For our series Screen Time we are presenting two films by Želimir Žilnik: The Unemployed (1968) and The Way Steel Was Tempered (1988). Both films show Žilnik’s long-term interest in workers and their struggles, looking with political clarity and humor at how they are so often neglected by the political systems that control their working lives. The films are available online for a week.
Yugoslavia • 1968 • 13 min. • 35 mm • black & white
This film presents a series of portraits and situations people found them-selves in after being made redundant during a time of economic reform, which was a move toward establishing a market economy in Yugoslavia. In the interviews, people speak about their doubts and the confusion arising from the fact they had been expecting socialism to give them more social security. They criticize parasitic bureaucracy as well as the neutralization of unions and the revolutionary moment. They opt to leave for West Germany and to work there, since around that time Yugoslavia and Germany signed an agreement allowing a number of Yugoslav guest workers (Gastarbeiter) into the German workforce.
The Way Steel Was Tempered
Yugoslavia• 1988 • 101 min. • 35 mm • colour
When filming a tottering statue, you can either show whatever remains of its symbolic glory or focus on the cracks that are making it collapse. Yet Želimir Žilnik finds a third way here, by both foreseeing the fall to come as well as examining the absurd existence of those that still live in the shadow of the statue. All this is very metaphorical, of course, as the director focuses on another breaking point of socialism once again.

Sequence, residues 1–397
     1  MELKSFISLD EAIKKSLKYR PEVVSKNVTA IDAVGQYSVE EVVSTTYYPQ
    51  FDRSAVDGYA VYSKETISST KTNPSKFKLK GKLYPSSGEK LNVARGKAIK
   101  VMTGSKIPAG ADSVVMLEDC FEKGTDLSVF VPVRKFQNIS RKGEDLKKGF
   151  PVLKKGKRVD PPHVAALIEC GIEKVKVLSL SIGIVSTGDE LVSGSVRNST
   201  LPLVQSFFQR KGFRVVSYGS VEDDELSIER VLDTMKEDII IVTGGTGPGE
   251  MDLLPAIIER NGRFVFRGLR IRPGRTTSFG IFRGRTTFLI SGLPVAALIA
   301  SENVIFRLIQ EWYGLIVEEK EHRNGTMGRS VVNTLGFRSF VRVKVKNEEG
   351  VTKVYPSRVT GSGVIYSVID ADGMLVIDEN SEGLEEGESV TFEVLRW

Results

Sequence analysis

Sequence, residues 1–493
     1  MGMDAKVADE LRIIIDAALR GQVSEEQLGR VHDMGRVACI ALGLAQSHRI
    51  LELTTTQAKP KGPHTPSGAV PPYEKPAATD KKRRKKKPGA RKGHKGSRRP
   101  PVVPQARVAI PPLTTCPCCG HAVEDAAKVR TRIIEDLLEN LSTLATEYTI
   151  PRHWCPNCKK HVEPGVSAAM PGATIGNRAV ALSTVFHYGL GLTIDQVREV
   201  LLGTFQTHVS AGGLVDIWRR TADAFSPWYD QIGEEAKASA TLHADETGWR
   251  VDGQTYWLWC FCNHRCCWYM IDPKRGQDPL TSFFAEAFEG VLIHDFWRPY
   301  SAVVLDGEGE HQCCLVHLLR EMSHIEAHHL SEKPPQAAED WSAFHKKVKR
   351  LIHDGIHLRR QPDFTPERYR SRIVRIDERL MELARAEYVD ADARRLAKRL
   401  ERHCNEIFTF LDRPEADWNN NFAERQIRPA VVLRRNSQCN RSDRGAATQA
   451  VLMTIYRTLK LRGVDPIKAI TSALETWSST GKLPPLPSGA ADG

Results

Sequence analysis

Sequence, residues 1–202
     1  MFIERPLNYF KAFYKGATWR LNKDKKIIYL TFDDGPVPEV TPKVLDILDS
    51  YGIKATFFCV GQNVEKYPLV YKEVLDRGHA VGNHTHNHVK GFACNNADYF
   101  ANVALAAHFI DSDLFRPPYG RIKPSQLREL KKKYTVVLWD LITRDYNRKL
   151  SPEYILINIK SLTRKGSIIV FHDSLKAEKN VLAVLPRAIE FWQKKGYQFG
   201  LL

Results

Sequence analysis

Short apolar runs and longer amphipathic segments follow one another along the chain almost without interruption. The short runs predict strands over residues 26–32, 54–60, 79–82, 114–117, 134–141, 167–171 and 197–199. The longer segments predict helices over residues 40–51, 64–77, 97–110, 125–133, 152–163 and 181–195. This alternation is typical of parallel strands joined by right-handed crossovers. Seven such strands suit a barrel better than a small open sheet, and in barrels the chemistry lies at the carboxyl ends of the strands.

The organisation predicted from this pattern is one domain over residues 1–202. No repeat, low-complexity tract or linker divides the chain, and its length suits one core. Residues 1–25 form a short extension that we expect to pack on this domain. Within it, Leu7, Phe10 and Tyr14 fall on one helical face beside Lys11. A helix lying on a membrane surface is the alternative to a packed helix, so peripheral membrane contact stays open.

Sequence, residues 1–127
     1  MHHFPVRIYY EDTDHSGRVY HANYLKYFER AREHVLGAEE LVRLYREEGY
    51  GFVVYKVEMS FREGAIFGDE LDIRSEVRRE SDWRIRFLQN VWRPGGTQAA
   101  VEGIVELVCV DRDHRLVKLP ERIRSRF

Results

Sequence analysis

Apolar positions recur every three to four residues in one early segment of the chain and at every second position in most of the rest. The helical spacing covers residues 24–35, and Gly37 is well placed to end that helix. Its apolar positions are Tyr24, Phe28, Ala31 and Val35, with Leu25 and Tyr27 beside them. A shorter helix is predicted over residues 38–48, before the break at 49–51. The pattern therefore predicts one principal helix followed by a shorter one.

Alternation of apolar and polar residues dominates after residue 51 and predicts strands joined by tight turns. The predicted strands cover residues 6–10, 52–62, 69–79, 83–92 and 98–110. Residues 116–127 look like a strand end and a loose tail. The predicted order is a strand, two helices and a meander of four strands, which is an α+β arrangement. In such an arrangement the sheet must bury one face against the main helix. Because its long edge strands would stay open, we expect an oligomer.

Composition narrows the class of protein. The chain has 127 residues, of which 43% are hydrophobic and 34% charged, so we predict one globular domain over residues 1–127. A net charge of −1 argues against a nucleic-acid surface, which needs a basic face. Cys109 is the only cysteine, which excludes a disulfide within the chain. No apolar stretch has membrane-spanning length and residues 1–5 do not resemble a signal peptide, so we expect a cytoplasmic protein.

The end is indeed near in this satirical comedy which follows Leo (Lazar Ristovski), a steel worker who, like everybody else, only wants to get what he thinks he deserves. The system is already dead. The whole film unfolds like the sequences of panic in disaster films, only that it’s not about actual survival here but rather feathering one’s own nest. “It’s war, baby,” says the head of the steel mill, as he raises his air gun aimed at the twilight of socialism. Leo is more interested in romantic encounters, however. He falls for a teenager and his wife leaves him. In the midst of all this immorality and corruption, some foreign collectors of socialist realism remains offer Leo a way out and years later he returns with a Cadillac. Thus this symbol of American wealth replaces the old statue but, as history taught us, it’s not for the better. (Text: Patrick Holzapfel/Viennale)
The film The Way Steel Was Tempered was shown as part of Kunsthalle Wien’s collaboration with the Viennale at the festival in October 2020.